Immune System Gone Bad

There are generally two schools of thought surrounding the growth of allergies in the twentieth century. Both have evidence in their favor, and neither is complete. Both explain why developed countries have seen such a dramatic increase of allergies, whereas developing nations have not.

_Everyday Chemicals_ – Since the end of World War II, an abundance of chemicals has been introduced into the human environment. Not just the HFCS in our soda pop, but the things in soap and shampoo, the chemical residue on our dishes, leftover Teflon from a pan, or the phthalates that leech out of PVC pipes. It’s true that preservatives and additives all undergo years of testing before they are approved for human consumption, but that handful of years mayn’t be adequate to understand what a lifetime of use can do to a body. No one assumes that any one of our common chemicals is responsible, but all in conjunction are creating an adverse holistic effect.

_The Hygiene Hypothesis_ – Over millions of years the human body has armed itself against a number of ills. It’s had to stockpile immune system weapons for all manner of parasites, germs, and junk, but in our age of daily baths, kitchen sanitizers, and purified water those weapons are somewhat superfluous. A million years of hard-won evolution don’t turn inactive after a mere hundred years of environment. No, instead they go cabin-fever, and freak out attack even benign substances like pollen and dust with a fervor of pent-up frustration.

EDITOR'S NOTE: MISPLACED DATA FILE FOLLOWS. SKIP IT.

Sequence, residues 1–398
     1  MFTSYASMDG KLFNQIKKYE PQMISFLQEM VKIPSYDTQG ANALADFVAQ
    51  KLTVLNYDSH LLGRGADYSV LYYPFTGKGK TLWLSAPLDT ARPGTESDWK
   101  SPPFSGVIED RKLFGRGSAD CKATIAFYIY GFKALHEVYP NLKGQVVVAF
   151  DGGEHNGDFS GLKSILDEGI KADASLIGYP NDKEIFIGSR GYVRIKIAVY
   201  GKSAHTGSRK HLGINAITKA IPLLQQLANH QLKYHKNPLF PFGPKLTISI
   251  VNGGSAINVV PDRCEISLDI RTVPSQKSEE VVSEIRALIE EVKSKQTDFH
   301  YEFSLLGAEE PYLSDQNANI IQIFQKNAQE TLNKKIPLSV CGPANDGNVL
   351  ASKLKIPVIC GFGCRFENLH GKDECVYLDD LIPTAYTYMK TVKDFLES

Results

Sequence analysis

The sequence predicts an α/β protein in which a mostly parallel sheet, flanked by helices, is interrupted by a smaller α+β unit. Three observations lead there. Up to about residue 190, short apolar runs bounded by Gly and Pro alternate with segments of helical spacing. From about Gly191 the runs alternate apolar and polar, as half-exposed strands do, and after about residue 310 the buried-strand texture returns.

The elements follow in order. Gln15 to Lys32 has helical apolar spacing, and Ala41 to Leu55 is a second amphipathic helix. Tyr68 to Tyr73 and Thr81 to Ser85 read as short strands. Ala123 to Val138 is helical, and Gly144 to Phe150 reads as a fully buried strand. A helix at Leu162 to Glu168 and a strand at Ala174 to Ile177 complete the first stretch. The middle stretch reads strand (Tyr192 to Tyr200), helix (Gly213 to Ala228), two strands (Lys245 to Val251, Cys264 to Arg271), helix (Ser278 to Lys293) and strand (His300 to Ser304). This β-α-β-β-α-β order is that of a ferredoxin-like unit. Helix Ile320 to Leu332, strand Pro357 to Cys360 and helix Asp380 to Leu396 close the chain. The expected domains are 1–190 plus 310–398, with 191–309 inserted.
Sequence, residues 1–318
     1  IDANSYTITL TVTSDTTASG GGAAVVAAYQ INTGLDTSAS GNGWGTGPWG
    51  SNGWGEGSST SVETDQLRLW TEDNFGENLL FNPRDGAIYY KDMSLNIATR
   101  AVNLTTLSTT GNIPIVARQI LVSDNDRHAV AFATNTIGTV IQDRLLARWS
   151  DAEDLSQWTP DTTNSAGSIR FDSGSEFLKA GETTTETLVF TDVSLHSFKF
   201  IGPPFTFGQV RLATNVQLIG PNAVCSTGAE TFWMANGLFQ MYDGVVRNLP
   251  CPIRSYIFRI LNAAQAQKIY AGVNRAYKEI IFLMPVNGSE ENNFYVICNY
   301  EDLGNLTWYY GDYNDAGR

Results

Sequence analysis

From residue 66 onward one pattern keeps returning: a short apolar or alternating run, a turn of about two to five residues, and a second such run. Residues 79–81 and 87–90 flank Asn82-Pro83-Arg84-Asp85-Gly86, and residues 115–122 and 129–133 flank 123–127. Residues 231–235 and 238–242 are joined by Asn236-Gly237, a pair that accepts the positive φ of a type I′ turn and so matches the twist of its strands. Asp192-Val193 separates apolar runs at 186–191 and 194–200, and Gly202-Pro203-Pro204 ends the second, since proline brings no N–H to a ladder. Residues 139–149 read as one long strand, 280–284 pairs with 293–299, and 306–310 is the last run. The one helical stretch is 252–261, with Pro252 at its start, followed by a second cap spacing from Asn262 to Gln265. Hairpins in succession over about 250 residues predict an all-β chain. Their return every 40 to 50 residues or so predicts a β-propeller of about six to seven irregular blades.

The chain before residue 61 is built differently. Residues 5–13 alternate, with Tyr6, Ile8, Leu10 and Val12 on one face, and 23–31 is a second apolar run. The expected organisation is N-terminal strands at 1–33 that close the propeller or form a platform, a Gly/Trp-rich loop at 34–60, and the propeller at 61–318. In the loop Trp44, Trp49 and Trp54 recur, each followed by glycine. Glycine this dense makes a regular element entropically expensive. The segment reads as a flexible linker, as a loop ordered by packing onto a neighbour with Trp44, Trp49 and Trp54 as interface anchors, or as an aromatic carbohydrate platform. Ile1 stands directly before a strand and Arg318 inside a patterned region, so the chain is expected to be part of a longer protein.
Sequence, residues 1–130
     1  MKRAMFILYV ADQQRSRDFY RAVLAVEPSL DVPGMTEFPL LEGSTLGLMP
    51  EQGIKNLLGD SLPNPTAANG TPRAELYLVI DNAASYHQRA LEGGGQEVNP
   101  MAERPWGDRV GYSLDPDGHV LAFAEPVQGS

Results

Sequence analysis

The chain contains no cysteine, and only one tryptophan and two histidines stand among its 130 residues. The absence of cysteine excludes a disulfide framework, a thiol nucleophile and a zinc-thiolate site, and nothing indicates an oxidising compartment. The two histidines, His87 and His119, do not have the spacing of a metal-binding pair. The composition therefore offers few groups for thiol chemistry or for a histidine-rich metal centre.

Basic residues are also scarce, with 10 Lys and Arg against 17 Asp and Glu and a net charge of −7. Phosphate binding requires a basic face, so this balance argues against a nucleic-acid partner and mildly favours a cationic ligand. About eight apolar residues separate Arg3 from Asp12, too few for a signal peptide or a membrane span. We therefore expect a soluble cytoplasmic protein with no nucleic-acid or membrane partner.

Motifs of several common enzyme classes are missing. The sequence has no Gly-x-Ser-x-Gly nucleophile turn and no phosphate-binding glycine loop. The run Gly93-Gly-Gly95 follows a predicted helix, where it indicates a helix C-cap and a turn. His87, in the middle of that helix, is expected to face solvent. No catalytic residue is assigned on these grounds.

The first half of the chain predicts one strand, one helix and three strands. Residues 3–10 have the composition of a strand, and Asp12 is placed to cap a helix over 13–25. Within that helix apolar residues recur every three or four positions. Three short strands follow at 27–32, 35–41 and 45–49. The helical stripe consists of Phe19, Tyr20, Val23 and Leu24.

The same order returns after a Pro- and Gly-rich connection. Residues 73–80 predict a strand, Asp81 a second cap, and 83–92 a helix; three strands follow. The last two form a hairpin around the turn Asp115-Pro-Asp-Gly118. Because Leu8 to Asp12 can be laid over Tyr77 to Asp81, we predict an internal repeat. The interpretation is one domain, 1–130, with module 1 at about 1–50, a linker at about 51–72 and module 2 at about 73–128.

See Immune System Gone Bad on Damn Interesting.

About Kevin

Kevin Jarnot is a technologist who lives just South of Boston, MA. He is currently employed as Chief Technology Officer at DebtX, a financial services technology company based in Boston.
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0 Responses to Immune System Gone Bad

  1. bridget says:

    i kind of ascribe to the hygeine hypothesis (though for me i generally try to just not take medication unless it is totally necessary)…in general we (especially in north america) have overused stuff like antibiotics (both in pharmacuticals and in soaps) that we’ve concurrently created environments that are suitable for much stronger germs (since many antibiotic things only kill 98% of bacteria, eventually leaving a really strong 2%) plus antibtiocs are really bad for our immune systems, more than most people think. we need to have good bacterias and fungii in our systems, but constant prescriptions of antibiotics can help wipe those out and cause so many really nasty stomach problems, and there is a fairly large group of people who feel it can cause systemic problems, but as of yet a lot of that is unsubstantiated outside of anecdotal evidence.

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